While Eritreans are growing restless, Ethiopians have their own problems to attend to. The northern region of Tigray has repeatedly refused to allow heavy artillery to be moved away from the border, fearing an Eritrean attack. Meanwhile, more than two million Ethiopians have been displaced by ethnic conflict and there was recently a largely unexplained apparent coup attempt in the Amhara region, with the simultaneous killing of the army chief of staff in Addis Ababa.

A year on, the euphoria of the Eritrea-Ethiopia peace deal has evaporated. A sullen, tense cloud now hangs over relations between Asmara and Addis Ababa, with both nations watching developments along the border with concern.

Ethiopia plans rail link with Eritrea

Saturday, 06 July 2019 14:45 Written by

July 5, 2019 Ethiopia, News

Source: Construction Review


The government of Ethiopia has announced plans to build a railway line that connects Ethiopia with port cities of Eritrea.

Speaking during the Ethio-Italian Business Forum, Ahmed Shide,Minister of Finance Minister of Finance said that a feasibility study has been launched and theWorld Bank Groupis behind the project. The studies will determine the overall cost of the project.

Ethiopia- Eritrea rail project

The railway project will see ports of Assab and Massawa will having direct railway links with North, East and central parts of Ethiopia. So far, Ethiopia has rail and road or power connectivity with Djibouti, Kenya, Sudan and South Sudan.

Emanuela Del Re, Deputy Minister of Foreign Affairs and International Cooperation of Italy on his side said that her government will consider involving in the Ethio- Eritrean railway connection.

Mr Del Re who met with Eritrea’s Minister of Foreign Affairs and Yemane Gebreab, Eritrea’s Presidential Advisor and Head of Political Affairs had a brief meeting about development projects in both countries and Italy pledged assistance on the preservation and protection of the Aksum Monolithic Obelisks in Ethiopia which are currently in a deplorable state.

The Italian Deputy Minister noted that Italy has provided US $170m to finance development projects. The business summit which witnessed attendances from high level government officials with 40 major companies of Italy briefed the delegates on the ongoing reform packages in Ethiopia.

President of Italian Trade Agency, Carlo Ferro who was also in attendance said that Italian businesses have invested US $672bn in Ethiopia and would like to invest more, recently Calzedonia Group, a renowned apparel brand has set foot in Ethiopia. 

July 3, 2019 News

UNHCR, the UN Refugee Agency, is appealing to Eritrea not to close the Umkulu refugee camp after hundreds of refugees left the site in recent weeks, amidst reports that local authorities had asked residents to leave.

Umkulu camp, located some 10 kilometres from the Red Sea port town of Massawa, is Eritrea’s only refugee camp. As of mid-June, the camp hosted more than 2,100 Somali refugees. Of these, 1,300 people have now arrived in northern Ethiopia.

“We call on the Eritrean authorities to continue to work with us on securing protection and solutions for refugees who remain in the country,”said Raouf Mazou, Director of UNHCR’s Regional Bureau for Africa.

“Closing a camp which has hosted Somali refugees for close to twenty years without offering alternatives raises serious concerns,” UNHCR’s Mazou added.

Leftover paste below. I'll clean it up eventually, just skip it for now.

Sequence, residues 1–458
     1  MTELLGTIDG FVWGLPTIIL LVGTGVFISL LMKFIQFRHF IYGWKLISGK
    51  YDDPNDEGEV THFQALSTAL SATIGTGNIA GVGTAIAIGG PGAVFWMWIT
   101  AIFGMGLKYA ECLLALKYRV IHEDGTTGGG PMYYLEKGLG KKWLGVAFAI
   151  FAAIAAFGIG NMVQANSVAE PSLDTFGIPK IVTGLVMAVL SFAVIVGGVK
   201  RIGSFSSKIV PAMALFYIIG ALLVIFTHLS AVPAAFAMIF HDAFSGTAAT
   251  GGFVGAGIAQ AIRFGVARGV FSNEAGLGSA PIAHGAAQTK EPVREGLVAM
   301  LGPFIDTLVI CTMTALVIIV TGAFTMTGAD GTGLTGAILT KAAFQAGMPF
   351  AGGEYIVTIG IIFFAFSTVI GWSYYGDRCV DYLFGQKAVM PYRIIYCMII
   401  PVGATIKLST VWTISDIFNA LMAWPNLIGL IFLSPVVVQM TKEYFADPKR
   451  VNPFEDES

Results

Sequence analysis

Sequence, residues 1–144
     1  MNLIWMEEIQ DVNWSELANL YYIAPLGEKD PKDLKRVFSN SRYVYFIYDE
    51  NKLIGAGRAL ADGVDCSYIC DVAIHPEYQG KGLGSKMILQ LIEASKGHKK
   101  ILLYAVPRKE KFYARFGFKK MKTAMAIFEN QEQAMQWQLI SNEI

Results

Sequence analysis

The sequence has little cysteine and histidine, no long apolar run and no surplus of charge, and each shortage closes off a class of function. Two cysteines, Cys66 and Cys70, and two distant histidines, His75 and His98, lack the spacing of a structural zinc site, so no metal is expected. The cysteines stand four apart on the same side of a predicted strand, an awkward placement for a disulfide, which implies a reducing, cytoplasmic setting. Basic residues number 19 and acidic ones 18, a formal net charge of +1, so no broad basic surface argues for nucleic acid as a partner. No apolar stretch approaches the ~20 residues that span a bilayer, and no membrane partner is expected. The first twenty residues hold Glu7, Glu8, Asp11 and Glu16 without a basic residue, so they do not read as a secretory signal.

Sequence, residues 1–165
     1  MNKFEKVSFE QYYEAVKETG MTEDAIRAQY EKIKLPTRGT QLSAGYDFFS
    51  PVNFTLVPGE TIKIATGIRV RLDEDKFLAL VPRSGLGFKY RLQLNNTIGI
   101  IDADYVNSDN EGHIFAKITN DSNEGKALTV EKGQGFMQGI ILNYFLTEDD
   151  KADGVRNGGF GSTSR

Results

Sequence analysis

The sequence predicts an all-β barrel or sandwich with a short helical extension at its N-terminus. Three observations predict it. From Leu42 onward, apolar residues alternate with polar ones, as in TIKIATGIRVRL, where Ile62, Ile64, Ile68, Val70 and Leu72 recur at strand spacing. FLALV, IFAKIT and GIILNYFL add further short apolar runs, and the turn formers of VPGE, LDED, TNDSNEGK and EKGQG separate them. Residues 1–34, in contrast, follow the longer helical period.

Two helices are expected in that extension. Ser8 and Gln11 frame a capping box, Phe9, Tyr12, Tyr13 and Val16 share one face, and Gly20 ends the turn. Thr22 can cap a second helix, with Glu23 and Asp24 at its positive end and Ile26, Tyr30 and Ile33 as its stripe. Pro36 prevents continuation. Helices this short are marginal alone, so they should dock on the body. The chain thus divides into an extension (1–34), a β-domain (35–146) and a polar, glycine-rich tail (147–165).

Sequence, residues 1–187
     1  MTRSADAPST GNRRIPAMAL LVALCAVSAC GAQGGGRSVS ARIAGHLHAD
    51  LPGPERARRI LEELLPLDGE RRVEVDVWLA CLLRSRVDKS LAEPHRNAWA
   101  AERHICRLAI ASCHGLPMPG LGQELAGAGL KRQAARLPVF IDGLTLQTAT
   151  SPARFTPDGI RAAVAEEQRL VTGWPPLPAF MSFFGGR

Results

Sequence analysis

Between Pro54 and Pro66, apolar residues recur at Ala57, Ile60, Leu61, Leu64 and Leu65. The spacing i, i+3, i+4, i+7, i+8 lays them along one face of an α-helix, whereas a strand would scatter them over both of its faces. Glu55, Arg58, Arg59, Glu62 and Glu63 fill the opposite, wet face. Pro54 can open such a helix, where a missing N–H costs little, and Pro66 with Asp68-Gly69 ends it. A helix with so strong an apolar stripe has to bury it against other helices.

UNHCR is coordinating with the Ethiopian authorities to relocate the 1,300 refugees who arrived in Ethiopia away from the border and to transfer them to Melkadida in the Southern part of the country. The first relocations are expected to start on Wednesday, 3 July 2019.

Ethiopia is host to some 257,000 Somali refugees.

The United Nations has called for an independent inquiry into the bombing of a Libyan migrant detention centre that left at least 44 dead and more than 130 severely injured, describing the attack as “a war crime and odious bloody carnage”.

The detention centre east of Tripoli was housing more than 610 people when it was hit by two airstrikes. Libya’s UN-recognised Government of National Accord (GNA) and the Italian interior minister, Matteo Salvini, blamed the bombing on the air force of Khalifa Haftar.

The GNA has been defending Tripoli from an assault launched by Haftar’s Libyan National Army (LNA) on 4 April that has left hundreds of people dead.

Gen Khaled el-Mahjoub, a spokesman for the LNA, denied targeting the detention centre, saying it was the militia camp in the Tajoura neighborhood that was the target. He did not deny, however, that the migrant detention centre was hit. “We didn’t give orders to target the shelter,” he said.

The death toll, which includes many women and children, represents one of the largest single losses of civilian life since the civil war in 2011.

The air raid, involving two missiles, occurred in the early hours of Wednesday morning and left the detention centre a charred ruin. The LNA had on Monday warned that it was stepping up air raids on the capital in response to recent military reverses.

The commander of LNA’s air force operations room, Maj Gen Mohamed Manfour, had warned that as part of “exhausting all traditional means” to capture Tripoli, LNA would conduct “strong and decisive airstrikes” against select targets.

The UN refugee agency had previously called for people to be removed from the detention centre in Tajoura, expressing fears that they were likely to be victims of air raids being mounted by Haftar’s air force. The detention centre is close to a military supply depot for militia working to protect the GNA.

Condemning the destruction, the UN special envoy for Libya, Ghassan Salamé, said: “This attack clearly could constitute a war crime, as it killed by surprise innocent people whose dire conditions forced them to be in that shelter. The absurdity of this ongoing war today has led this odious bloody carnage to its most hideous and most tragic consequences.”